Viv Franzmann, Bruntwood winner in 2008 and author of MOGADISHU, writes today in The Times about her experience of being shortlisted for the prize and the journey that she’s been on since she won. MOGADISHU won the George Devine Award for Most Promising Playwright in 2010 and saw the play produced this year at the Royal Exchange and then transferred to the Lyric Hammersmith in London. Viv writes:
I was working as Head of Department in a school and I was about to teach a Drama lesson when I found out I’d been short-listed for the Bruntwood. I was in my studio at break time, trying to do a million things at once – drink my tea, eat something, set up for my next lesson and check my email. And there it was, a confirmation message that I was on the shortlist. I think it was probably one of the most exciting moments of my life. I remember standing up with a cup of tea in my hand reading and re-reading the email over and over again. It felt amazing and that anything was now possible.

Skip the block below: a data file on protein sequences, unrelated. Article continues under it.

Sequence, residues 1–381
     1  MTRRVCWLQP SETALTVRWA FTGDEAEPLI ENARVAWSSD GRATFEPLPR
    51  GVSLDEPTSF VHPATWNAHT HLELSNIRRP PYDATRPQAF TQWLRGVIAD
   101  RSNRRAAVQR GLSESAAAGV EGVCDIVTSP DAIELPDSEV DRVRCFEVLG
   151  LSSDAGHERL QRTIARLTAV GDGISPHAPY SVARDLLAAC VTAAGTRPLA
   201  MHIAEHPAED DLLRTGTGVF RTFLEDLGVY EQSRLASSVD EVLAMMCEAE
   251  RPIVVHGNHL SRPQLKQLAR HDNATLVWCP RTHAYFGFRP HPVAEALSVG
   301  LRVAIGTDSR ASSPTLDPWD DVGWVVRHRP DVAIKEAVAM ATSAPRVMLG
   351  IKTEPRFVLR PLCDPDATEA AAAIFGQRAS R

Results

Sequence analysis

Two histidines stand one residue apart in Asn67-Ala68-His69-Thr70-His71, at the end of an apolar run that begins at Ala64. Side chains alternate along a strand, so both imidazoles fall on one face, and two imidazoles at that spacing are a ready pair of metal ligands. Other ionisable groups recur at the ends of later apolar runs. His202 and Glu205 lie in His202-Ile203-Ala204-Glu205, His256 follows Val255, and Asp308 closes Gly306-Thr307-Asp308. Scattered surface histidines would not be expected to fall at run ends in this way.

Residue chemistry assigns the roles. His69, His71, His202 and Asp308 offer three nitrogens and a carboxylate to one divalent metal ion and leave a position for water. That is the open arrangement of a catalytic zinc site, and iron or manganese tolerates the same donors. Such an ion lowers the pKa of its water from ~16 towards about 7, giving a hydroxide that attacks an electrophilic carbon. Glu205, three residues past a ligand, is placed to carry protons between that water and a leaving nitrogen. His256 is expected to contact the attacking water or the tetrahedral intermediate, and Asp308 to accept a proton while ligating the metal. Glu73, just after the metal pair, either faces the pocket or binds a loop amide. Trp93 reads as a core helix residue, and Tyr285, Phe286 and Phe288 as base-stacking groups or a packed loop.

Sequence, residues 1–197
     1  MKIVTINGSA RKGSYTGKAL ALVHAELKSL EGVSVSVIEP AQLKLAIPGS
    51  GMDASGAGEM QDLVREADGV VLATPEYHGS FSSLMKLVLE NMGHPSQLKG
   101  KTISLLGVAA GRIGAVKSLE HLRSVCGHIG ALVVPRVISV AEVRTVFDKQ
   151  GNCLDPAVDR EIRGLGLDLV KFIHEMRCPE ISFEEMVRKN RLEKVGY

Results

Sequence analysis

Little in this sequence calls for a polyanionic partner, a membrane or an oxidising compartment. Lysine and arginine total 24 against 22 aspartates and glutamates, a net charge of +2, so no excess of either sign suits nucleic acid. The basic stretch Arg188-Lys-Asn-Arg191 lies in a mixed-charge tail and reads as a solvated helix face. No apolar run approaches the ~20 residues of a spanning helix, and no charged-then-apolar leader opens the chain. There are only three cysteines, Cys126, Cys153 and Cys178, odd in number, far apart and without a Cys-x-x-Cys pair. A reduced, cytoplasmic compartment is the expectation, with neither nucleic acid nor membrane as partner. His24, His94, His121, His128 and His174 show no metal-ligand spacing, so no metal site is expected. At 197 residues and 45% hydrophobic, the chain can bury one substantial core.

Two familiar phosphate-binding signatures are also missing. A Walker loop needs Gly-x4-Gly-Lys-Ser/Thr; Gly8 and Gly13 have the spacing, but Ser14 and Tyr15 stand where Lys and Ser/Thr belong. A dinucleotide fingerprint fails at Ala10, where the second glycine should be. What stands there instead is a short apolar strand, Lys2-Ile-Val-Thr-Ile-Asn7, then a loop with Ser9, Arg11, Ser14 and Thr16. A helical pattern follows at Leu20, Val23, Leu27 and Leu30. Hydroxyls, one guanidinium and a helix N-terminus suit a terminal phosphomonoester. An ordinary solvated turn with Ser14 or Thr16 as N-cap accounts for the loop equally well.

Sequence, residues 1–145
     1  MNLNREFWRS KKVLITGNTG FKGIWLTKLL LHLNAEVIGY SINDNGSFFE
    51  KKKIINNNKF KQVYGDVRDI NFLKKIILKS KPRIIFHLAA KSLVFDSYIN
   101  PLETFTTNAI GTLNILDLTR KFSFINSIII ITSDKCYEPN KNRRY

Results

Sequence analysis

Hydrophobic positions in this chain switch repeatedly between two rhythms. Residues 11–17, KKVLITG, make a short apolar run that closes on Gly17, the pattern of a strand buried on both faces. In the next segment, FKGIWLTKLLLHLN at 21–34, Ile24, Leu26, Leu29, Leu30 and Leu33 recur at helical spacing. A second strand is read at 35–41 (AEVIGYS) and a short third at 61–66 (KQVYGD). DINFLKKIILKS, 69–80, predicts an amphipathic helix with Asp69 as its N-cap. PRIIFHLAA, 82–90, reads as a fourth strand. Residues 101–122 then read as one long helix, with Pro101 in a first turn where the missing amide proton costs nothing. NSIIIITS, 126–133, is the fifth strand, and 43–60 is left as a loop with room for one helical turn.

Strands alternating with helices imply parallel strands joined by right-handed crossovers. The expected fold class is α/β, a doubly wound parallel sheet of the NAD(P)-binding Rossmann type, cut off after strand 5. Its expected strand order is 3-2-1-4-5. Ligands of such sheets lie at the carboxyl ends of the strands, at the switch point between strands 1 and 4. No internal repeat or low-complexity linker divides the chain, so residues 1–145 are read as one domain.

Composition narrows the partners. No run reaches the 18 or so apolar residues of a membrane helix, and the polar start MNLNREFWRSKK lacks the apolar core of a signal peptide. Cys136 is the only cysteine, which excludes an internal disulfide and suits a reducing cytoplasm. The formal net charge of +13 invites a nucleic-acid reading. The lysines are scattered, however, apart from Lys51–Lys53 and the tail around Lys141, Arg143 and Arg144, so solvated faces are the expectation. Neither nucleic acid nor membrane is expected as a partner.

She goes on to describe how her career has developed since the award was made and the impact it’s had on her as a writer:
Being one of the winners of the Bruntwood changed everything. It enabled me to begin to see myself as a writer and think about taking a different career path. And the prize money certainly helped. Shortly after the awards ceremony I got an agent and I am now a full time writer. I am Writer in Residence at Clean Break theatre company and my new play is being produced at the Royal Court next year…
…I’d always thought that theatre was a bit of a closed shop, but the truth is that if people think you are good enough, you get an enormous amount of support and encouragement because people really want you to succeed. The process taught me that the play you first write is going to go through a lot of changes before it lands on stage and it is important to listen to all the advice you are given, but equally it is important to hold on to your own opinion and remember what brought you to the story in the first place.
I wasn’t a writer before I entered the competition. Mogadishu was my first play and I wrote it specifically for the Bruntwood. If I hadn’t had that deadline, I doubt very much whether I would have written anything. So the competition made me a writer. It has led me to opportunities far beyond what I could have ever imagined when I first sat down in front of my computer.